By far, this was one of the best habit books out there. Lots of case studies and examples, but it does not drag on too much and get boring. Yet it is full of practical tips and techniques based around an easy framework. With this, it really made me reframe my perspective about habit formation - that it is not just a random collection of heuristics that other people found useful, but a skill that we can learn methodically, and incrementally get better in a scientific way, just like how we can build muscle by working out at the gym. Some key concepts that stood out for me, that really myth-busted lots of preconceptions I had about goal-setting and execution:
- Grand gestures are over-rated. 1% growth through a small habit every day means 3700% growth at the end of 1 year.
- Goals are over-rated. Results have very little to do with goals but more to do with habits systems.
- Outcomes are over-rated. Habits that focus on identity, who you want to become, sticks around longer than habits that focus on the results you want to achieve.
This first post shared more of the theory and the why of Atomic Habits. The next post will be more about the how, practical tips and techniques. I learned a lot and am now really excited to try it out!
Sharing them here as reference for myself, and for anyone who might find it useful. This is not a book review, just raw notes lifted directly from the book, with some minor interpretations and categorisations of my own. This is part of my reading list for a new season.
Atomic Habits, by James Clear
The aggregation of marginal gains.
If you broke everything you could think of that goes into riding a bike, then improve it by 1 percent, you will get a significant increase when you put them all together.
You do not rise to the level of your goals. You fall to the level of your systems. Habits are like the atoms of our lives. Small and mighty. Atomic habits are a regular practice or routine that is not only small and easy to do, but also the source of incredible power; a component of the system of compound growth.
The myth of big gains
It is so easy to overestimate the importance of one defining moment and underestimate the value of making small improvements on a daily basis. Too often, we convince ourselves that massive success requires massive action...Meanwhile, improving by 1 percent isn’t particularly notable—sometimes it isn’t even noticeable—but it can be far more meaningful in the long run. 1% better every day for one year = 1.01**365 = 37.78
Compound interest of habits
Habits are the compound interest of self-improvement. We often dismiss small changes because they don’t seem to matter very much in the moment. Success is the product of daily habits—not once-in-a-lifetime transformations.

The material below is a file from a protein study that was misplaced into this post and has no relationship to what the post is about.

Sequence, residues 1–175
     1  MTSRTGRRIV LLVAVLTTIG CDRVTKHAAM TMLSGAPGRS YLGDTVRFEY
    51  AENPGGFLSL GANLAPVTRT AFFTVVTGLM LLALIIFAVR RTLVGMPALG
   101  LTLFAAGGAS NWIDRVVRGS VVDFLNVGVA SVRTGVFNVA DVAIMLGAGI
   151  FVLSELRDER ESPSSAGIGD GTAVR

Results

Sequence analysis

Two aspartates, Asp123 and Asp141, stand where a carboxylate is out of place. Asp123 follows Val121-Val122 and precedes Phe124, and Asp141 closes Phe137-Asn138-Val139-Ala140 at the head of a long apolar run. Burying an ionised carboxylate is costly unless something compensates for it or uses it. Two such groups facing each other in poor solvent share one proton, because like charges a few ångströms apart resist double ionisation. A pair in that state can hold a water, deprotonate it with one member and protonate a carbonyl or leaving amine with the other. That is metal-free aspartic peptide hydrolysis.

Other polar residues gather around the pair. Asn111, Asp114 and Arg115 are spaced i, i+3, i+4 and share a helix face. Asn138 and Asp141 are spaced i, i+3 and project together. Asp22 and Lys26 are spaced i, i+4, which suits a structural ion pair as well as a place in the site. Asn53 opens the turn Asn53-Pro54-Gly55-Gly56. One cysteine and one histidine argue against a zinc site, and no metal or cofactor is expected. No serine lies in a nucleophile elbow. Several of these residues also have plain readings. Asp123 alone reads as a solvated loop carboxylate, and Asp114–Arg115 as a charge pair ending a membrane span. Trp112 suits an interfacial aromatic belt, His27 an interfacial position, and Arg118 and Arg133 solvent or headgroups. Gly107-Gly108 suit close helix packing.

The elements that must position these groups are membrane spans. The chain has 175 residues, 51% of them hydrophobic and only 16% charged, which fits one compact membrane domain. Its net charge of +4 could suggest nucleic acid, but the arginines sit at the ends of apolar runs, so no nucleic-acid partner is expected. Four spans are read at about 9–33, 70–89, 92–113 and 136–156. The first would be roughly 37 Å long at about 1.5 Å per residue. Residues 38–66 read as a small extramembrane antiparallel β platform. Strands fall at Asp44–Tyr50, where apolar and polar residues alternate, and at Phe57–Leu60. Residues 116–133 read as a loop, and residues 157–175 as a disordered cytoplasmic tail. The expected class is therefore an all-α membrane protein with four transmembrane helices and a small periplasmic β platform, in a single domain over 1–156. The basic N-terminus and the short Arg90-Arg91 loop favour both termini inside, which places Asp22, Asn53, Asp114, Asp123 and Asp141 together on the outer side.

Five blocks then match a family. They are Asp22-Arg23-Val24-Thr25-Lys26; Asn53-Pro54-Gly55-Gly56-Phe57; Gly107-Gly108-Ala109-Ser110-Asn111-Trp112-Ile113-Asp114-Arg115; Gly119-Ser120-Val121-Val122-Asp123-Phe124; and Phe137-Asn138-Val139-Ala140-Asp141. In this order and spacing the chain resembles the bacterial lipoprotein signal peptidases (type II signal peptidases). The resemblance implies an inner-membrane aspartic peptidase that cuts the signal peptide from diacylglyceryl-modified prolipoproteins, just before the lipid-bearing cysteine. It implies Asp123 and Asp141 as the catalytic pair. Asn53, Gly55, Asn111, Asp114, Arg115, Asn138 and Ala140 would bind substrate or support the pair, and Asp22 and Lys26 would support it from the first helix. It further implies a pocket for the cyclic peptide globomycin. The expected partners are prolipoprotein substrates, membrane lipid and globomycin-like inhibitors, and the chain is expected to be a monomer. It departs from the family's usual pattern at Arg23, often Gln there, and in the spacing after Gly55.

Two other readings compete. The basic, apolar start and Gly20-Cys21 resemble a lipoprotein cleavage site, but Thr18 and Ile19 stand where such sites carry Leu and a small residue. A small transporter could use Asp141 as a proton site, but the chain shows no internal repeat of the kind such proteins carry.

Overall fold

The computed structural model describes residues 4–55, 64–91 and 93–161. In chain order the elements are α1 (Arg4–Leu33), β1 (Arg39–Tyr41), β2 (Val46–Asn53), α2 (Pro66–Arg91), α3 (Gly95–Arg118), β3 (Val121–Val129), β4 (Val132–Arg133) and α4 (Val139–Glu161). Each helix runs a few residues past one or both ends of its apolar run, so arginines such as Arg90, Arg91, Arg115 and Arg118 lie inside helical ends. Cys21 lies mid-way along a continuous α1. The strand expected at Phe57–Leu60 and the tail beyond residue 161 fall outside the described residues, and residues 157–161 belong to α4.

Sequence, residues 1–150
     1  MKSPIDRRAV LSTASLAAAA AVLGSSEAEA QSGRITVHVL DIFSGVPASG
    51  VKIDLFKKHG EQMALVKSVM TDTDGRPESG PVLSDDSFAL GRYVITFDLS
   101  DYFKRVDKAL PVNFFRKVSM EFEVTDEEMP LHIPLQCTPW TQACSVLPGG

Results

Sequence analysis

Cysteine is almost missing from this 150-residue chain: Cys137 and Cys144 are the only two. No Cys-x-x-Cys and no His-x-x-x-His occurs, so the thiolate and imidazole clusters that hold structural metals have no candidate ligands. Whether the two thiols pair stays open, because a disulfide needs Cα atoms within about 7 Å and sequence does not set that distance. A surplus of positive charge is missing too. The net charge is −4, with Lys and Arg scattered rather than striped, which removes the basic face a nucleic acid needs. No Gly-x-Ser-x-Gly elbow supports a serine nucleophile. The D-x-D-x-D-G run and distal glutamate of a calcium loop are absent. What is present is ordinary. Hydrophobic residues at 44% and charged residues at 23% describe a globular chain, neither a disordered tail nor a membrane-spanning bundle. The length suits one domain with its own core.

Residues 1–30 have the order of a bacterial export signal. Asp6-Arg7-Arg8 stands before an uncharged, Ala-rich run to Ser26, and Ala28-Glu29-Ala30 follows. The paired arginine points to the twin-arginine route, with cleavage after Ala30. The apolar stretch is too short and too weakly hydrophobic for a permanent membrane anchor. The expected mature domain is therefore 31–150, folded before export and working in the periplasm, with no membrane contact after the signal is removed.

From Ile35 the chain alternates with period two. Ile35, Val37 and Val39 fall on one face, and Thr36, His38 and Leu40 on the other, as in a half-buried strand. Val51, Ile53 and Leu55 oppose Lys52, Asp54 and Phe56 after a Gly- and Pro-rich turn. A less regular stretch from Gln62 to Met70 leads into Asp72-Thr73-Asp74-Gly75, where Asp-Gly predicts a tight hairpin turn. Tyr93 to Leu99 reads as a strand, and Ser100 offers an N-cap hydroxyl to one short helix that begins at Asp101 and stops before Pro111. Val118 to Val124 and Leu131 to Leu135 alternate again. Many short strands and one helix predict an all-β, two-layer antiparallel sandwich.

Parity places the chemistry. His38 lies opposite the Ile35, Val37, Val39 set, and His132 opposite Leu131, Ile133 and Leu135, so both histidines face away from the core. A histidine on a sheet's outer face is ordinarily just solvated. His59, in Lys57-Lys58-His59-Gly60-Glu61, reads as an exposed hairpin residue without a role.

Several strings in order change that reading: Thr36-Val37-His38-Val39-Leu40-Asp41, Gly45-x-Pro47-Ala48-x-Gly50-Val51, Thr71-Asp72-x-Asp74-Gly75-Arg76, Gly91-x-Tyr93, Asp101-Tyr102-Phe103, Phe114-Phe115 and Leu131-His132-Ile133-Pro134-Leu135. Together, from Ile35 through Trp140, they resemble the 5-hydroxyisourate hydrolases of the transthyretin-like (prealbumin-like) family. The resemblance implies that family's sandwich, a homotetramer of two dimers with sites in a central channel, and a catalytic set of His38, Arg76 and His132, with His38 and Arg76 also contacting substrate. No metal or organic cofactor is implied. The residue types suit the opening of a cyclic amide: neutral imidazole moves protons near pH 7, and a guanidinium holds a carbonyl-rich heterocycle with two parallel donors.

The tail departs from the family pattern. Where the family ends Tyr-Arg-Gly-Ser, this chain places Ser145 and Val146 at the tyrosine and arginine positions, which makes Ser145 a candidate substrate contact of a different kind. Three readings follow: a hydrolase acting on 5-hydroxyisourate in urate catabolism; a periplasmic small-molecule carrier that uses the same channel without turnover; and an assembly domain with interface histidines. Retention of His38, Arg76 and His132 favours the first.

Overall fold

You should be far more concerned with your current trajectory than with your current results. If you’re a millionaire but you spend more than you earn each month, then you’re on a bad trajectory. Your outcomes are a lagging measure of your habits. Your net worth is a lagging measure of your financial habits. Your weight is a lagging measure of your eating habits. Your knowledge is a lagging measure of your learning habits. You get what you repeat.
Predict your life
If you want to predict where you’ll end up in life, all you have to do is follow the curve of tiny gains or tiny losses, and see how your daily choices will compound ten or twenty years down the line. Time magnifies the margin between success and failure. It will multiply whatever you feed it. Good habits make time your ally. Bad habits make time your enemy.
Progress is not linear
Habits often appear to make no difference until you cross a critical threshold and unlock a new level of performance. This pattern shows up everywhere. In the early and middle stages of any quest, there is often a Valley of Disappointment. You expect to make progress in a linear fashion...it doesn’t fee like you are going anywhere. It’s a hallmark of any compounding process: the most powerful outcomes are delayed. People make a few small changes, fail to see a tangible result, and decide to stop. You work is not wasted; it is just being stored. When you finally break through, people will call it an overnight success. The outside world only sees the most dramatic event rather than all that preceded it.
Mastery is gardening
Mastery requires patience. All big things come from small beginnings. The seed of every habit is a single, tiny decision. But as that decision is repeated, a habit sprouts and grows stronger. Roots entrench themselves and branches grow. The task of breaking a bad habit is like uprooting a powerful oak within us. And the task of building a good habit is like cultivating a delicate flower one day at a time.
Focus on systems over goals
Prevailing wisdom claims that the best way to achieve what you want in life is to set specific, actionable goals. Eventually, results had very little to do with goals but nearly everything to do with the systems followed. Goal is build a million-dollar business. System is how you test product ideas, hire employees, and run marketing campaigns. Goals are good for setting a direction, but systems are best for making progress.
Problem with goals
- Winners and losers have the same goals. Winners have a system of continuous small improvements.